Wherever you go, you will find more or less the same picture. Colonial churches that are centuries old, narrow cobblestone streets in the old section of the city, and the traditional friendship of Mexican people. If you have little time for visiting this area, don’t miss the Aqueduct at Querétaro, the main square and churches at San Luis Potosí, purchase your clothes at Aguas Calientes (it is a textile industry centre), and don’t miss the charm of Guanajuato. Of course, Guadalajara is quite near Puerto Vallarta with its charming attractions. Hotels are not too expensive in this area, slightly cheaper than in the USA. Enjoy your stay in Central Mexico.
Both Puerto Vallarta and Mazatlan are at about the same distance from Guadalajra: slightly over 250 miles. I have visited Mazatlan and have flown over Puerto Vallarta. By what I have seen and by what I have read, Puerto Vallarta has far more options and is far nicer. Buses from Guadalajara to these beaches take some five hours travel. I went to Mazatlan on business and after having visited Cancun, Progreso, Veracruz, and Tampico on the east and Acapulco, La Paz and Mazatlan on the west and having flown over Puerto Vallarta, and read a lot about Bahías de Huatulco, my order of preference would be: 1) Definitely Cancún. 2) Puerto Vallarta 3) Acapulco 4) La Paz 5) Veracruz, but not for its beaches (I was at Mocambo, but for its charming colonial style and heritage and its beautiful port. 6) Mazatlan.
Since I assume that you are staying at Guadalajara and want to visit some beach on the Pacific, Puerto Vallarta would be the best option. According to the distance, the bus should take not more than five hours. I saw the mountains falling into the sea, beautiful palm trees, and by what I have read in the Internet, I know that it has a beautiful water park with dolphins and other shows, and whales in the sea. Water sports are very popular here, and there is an interesting didactic tour to learn about giant turtles and see them in their habitat. Of course, the Splash is real fun for both children and adults. Click on the following link, and see some photos of the charming places you can visit at Puerto Vallarta: www.maps-of-mexico.com/photos/jalisco/puerto-vallarta/puerto-vallarta-picture-of-mexico.shtml. In the following link you will have to click on the miniature photos. Some are really beautiful. www.puertovallarta.net/espanol/galeria_photos_puerto_vallarta/photo_cd.html.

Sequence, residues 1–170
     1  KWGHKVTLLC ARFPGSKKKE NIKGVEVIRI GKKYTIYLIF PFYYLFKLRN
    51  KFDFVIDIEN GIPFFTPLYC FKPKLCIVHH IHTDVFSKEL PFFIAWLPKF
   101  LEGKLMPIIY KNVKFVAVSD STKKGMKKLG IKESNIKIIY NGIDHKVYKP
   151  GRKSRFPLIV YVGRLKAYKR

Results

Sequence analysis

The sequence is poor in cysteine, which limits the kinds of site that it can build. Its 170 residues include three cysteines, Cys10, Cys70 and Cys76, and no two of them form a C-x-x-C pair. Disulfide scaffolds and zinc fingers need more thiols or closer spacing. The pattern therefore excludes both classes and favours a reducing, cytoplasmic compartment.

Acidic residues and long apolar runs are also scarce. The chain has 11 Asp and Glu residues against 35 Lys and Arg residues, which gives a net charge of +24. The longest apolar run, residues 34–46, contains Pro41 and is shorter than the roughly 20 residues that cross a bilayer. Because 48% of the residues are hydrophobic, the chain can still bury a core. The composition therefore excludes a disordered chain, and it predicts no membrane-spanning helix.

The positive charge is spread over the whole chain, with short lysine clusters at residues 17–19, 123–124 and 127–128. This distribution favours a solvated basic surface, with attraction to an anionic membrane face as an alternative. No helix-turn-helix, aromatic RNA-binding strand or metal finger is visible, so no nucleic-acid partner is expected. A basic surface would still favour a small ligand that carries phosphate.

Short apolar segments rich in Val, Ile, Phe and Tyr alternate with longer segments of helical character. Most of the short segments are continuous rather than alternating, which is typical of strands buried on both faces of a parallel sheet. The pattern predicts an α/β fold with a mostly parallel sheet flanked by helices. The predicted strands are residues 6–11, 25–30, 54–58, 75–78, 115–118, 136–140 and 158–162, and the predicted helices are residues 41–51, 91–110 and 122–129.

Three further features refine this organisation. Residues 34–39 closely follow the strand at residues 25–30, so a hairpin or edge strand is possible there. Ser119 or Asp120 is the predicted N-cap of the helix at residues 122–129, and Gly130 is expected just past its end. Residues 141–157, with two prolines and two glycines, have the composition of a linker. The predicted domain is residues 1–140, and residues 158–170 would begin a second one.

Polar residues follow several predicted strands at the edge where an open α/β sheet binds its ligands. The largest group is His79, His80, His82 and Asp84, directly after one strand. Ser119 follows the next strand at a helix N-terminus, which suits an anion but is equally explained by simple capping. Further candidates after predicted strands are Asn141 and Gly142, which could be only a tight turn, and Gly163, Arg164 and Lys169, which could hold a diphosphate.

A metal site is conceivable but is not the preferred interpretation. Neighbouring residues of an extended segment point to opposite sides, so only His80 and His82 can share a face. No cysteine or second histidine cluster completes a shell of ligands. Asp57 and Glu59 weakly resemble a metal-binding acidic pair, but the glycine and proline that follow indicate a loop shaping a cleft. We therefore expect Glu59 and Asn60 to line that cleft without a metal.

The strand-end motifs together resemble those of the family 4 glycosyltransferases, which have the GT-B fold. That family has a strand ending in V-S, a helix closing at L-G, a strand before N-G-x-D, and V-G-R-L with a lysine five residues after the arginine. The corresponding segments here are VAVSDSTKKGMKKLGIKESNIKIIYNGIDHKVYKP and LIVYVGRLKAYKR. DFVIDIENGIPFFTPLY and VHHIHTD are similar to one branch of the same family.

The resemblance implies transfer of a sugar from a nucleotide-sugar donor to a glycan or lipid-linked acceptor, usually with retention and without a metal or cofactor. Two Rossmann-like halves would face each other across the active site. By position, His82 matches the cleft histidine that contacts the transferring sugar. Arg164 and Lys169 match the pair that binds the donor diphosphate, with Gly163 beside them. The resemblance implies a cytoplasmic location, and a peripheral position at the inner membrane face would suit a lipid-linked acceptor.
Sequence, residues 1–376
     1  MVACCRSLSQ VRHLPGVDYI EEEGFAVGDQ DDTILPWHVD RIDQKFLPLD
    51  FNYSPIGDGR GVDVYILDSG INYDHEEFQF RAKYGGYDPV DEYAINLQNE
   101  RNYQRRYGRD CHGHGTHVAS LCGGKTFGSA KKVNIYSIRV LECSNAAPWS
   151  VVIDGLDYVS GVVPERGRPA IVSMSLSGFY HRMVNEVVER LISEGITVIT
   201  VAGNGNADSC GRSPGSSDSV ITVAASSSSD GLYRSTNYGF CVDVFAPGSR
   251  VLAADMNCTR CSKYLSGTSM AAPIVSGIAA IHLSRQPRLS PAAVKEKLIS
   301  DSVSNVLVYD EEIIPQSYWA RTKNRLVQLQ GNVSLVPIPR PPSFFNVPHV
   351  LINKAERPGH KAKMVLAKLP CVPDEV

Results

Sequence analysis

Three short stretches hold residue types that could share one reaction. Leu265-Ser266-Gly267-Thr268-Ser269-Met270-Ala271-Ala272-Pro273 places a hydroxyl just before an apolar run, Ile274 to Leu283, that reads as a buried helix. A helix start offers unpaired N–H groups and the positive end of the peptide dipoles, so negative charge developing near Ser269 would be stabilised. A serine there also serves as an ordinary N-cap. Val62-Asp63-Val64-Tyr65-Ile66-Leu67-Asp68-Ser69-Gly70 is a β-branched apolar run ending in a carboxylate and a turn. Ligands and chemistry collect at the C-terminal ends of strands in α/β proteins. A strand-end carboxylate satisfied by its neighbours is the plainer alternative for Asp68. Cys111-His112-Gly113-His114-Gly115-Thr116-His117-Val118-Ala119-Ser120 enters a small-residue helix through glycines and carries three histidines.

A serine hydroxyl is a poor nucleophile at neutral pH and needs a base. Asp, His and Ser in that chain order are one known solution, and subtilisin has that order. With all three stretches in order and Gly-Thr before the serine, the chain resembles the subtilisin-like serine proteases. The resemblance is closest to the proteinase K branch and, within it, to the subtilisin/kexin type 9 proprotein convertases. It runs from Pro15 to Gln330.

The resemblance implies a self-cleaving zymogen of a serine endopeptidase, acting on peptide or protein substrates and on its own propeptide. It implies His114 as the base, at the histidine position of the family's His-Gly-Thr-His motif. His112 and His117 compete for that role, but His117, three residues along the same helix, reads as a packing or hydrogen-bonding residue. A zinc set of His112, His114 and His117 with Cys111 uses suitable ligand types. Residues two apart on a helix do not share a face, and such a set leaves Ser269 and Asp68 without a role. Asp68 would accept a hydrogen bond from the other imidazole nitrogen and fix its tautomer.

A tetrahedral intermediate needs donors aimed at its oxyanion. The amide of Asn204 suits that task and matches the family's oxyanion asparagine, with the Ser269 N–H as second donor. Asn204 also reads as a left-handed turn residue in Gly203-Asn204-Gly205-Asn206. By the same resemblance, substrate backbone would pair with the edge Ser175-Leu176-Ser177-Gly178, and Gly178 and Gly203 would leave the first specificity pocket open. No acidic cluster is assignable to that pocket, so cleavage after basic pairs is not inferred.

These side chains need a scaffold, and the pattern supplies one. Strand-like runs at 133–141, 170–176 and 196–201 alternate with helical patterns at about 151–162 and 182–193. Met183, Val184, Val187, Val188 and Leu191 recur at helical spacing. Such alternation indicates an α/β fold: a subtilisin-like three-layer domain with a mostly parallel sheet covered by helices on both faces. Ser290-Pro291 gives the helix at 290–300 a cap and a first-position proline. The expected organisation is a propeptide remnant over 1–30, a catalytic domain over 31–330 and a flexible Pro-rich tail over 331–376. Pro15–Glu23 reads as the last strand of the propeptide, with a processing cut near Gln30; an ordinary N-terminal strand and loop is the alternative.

A deep sea fishing competition takes place every year during the month of November. In Puerto Vallarta you can fish sailfish and other very interesting options. Fishing tours should not be expensive here. Years ago, when the exchange rate was more favorable to the US Dollar, I rented a fishing boat in Acapulco with four sailors during half a day for fifty dollars... It may cost four times more today, but you might want to consider this option. Of course, fishing chances would be better at Los Cabos, but prices could be substantially higher. Here are some links that will show you what you can find at this beautiful resort on the Pacific: www.splashvallarta.com/index_eng.html. As I said above, the main attractions in Puerto Vallarta apart from its beautiful beach and mountains is whale-watching, playing with the dolphins, the dolphin show, sea lion show, water park, and more... While some beaches in Mexico are unique (Cancun, Bahías de Huatulco), others are very nice (Acapulco), Mazatlan is OK, but not outstanding. I have been there, enjoyed the beach, but did not find it better than any of the beaches I have been at in Argentina. And it certainly does not compare with Miami Beach. I stayed at the hotel Hacienda Mazatlan, a very nice 3-star hotel with reasonable prices and found the service very good.
Here are some photos of Mazatlan: www.maps-of-mexico.com/photos/sinaloa/mazatlan/mazatlan-picture-of-mexico.shtml www.viajesdelmundo.com/paises/fotos/151. Just across the gulf of Baja California, you find La Paz, a city founded by Spanish colonizer Hernán Cortes in 1534, where you can go on a ferry. I really enjoyed my stay there. I was charmed to see the pelicans diving down into the sea for their food. And found the area very interesting. But the best destinations I have seen in Mexico are Cancun, Puerto Vallarta and Acapulco. By what I have seen in the Internet, Bahías de Huatulco, in the State of Oaxaca, also really deserves a visit. In any case, before departing from Guadalajara, don't forget to visit San Pedro Tlaquepaque. You will discover that it is a delightful place for visiting www.galenfrysinger.com/tlaquepaque_cathedral.htm. Enjoy your stay in Western Mexico.
Robert Raymond Ingledew
Villa Carlos Paz (Cordoba), Argentina